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Aboriginal Art Lessons - Symbols, Styles and Stories

 

Australian Aboriginal Art

 

In our Aboriginal Art Lessons we learn about the symbols, styles and stories of this enduring Australian art form and use that knowledge to create our own drawings and paintings.

  • Symbols and Images: For thousands of years, indigenous Australian artists have used a visual vocabulary of symbols and images to communicate information about their customs and culture. To help you with your Aboriginal inspired artworks, we supply free clip art sheets of the more common symbols and images used in Aboriginal art.
  • Dreaming Stories: These are the creation stories of the Aboriginal people. Each of the stories we feature is illustrated by one of our paintings that represents an aspect of its theme.

 

Aboriginal Art Lessons

Aboriginal Art Lesson 1

Aboriginal Art Lesson 1: Our first lesson uses our Aboriginal symbols and images to decorate boomerangs that would be used for ceremonial purposes or as art objects for display.

 

Aboriginal Art Lesson 2

Aboriginal Art Lesson 2: Our second lesson uses our Aboriginal symbols and images to explore the dot art painting techniques developed by the Papunya Tula artists, the style that defines modern indigenous Australian art.

 

Aboriginal Art Lesson 3

Aboriginal Art Lesson 3: Our third lesson uses Aboriginal symbols and images to explore the 'rarrk' technique of cross hatching that originates from the 'X-Ray' style of traditional bark painting.

Aboriginal Art - Recognizing the Past in the Present

 

MICHAEL NELSON TJAKAMARRA (b.1949) Five Stories, 1985 (acrylics on canvas)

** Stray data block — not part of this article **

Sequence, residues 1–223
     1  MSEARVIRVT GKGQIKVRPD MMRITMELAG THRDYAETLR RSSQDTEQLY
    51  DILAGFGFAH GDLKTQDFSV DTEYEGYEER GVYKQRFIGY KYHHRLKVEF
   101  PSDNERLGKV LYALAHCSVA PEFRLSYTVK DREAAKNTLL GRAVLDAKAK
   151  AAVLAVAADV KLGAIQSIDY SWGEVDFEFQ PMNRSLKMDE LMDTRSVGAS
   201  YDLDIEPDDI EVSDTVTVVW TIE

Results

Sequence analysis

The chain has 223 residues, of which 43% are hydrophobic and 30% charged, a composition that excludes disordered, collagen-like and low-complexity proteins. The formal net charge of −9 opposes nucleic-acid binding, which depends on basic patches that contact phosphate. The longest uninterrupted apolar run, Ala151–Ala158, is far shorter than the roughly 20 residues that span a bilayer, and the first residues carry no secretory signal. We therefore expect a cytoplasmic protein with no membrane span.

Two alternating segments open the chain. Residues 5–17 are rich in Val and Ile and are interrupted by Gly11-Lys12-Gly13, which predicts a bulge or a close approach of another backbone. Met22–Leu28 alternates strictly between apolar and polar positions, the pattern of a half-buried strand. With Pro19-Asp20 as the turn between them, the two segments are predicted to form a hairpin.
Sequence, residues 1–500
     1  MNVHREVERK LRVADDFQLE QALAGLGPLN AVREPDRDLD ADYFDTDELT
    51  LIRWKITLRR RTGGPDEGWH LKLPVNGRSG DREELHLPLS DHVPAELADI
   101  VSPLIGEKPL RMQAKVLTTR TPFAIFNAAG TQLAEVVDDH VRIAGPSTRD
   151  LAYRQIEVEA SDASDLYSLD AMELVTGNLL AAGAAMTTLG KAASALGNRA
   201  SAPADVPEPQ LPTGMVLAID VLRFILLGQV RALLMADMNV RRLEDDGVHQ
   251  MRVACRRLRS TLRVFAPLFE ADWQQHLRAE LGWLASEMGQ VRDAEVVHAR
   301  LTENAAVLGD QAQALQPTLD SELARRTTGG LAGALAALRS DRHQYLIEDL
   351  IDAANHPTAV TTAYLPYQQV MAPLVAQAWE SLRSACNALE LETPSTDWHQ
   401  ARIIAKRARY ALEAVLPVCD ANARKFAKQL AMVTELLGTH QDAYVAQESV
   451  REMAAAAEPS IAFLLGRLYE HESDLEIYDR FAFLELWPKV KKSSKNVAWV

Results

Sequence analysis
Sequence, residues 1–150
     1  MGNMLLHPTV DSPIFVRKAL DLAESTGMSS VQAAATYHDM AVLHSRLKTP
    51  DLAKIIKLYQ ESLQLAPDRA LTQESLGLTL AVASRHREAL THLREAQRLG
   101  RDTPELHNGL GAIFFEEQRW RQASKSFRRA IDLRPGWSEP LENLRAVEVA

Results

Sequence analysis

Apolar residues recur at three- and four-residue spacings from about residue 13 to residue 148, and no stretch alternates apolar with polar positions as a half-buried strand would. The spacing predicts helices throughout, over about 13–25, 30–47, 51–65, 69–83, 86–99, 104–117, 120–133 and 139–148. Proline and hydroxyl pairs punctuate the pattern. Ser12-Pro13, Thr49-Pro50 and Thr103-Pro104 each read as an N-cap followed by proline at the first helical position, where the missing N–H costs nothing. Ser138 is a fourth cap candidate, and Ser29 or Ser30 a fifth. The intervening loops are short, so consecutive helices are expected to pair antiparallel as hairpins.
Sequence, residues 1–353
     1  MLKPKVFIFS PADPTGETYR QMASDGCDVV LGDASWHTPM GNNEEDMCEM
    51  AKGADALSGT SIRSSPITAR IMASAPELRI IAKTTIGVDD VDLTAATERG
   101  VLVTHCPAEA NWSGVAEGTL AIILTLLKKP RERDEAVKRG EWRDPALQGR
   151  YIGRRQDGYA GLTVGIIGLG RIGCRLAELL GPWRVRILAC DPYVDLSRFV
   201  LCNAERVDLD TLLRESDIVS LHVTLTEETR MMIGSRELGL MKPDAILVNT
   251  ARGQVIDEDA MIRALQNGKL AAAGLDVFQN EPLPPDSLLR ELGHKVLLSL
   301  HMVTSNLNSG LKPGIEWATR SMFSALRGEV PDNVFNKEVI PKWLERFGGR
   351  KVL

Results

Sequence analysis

MICHAEL NELSON TJAKAMARRA (b.1949)
Five Stories, 1985 (acrylics on canvas)

Aboriginal Art is the longest continuous artistic tradition in the world, stretching back generation after generation for over fifty millennia. It preceded all the great civilizations and survived as each of them faded. From the 18th century it endured the colonisation, marginalisation and oppression of the British Empire, yet still managed to prevail in the 21st century as the only notable Australian art movement to register on the international stage. Unlike the art movements of the west which have a limited timeline, Aboriginal art continues to evolve by drawing on a range of styles and techniques that link the past to the present through a visual tradition founded on the cultural stories from 'The Dreaming'.

Aboriginal Art plays a major role in keeping indigenous culture alive. It is a powerful educational tool that operates on many levels: it can be a reference manual for survival in the bush, a record of historical events, a code of cultural behaviour, a guide to spiritual knowledge, or a map or title deed for a specific territory. Whatever its meaning, it reinforces the holistic values of Aboriginal life that are suppressed by the modern world and offers an honorable identity that helps to inspire a sense of community, both in Australia and around the world.

The Painting Process for our Page Illustration

Many of the topics in our Aboriginal Art lessons are illustrated with a painting that was inspired by the theme of that page. To help you understand the technique used for each painting, we have deconstructed its development in the form of a slide show. Once you see a step by step analysis of how each image is constructed, it may provide you with a model that you can adapt for your own ideas.

(Click on the play buttons or swipe back and forward to explore each stage of our painting.)

The images and symbols used to create our illustrations can be found in our menu at the foot of the page. They are available for you to download to help with creating your own artworks.

 

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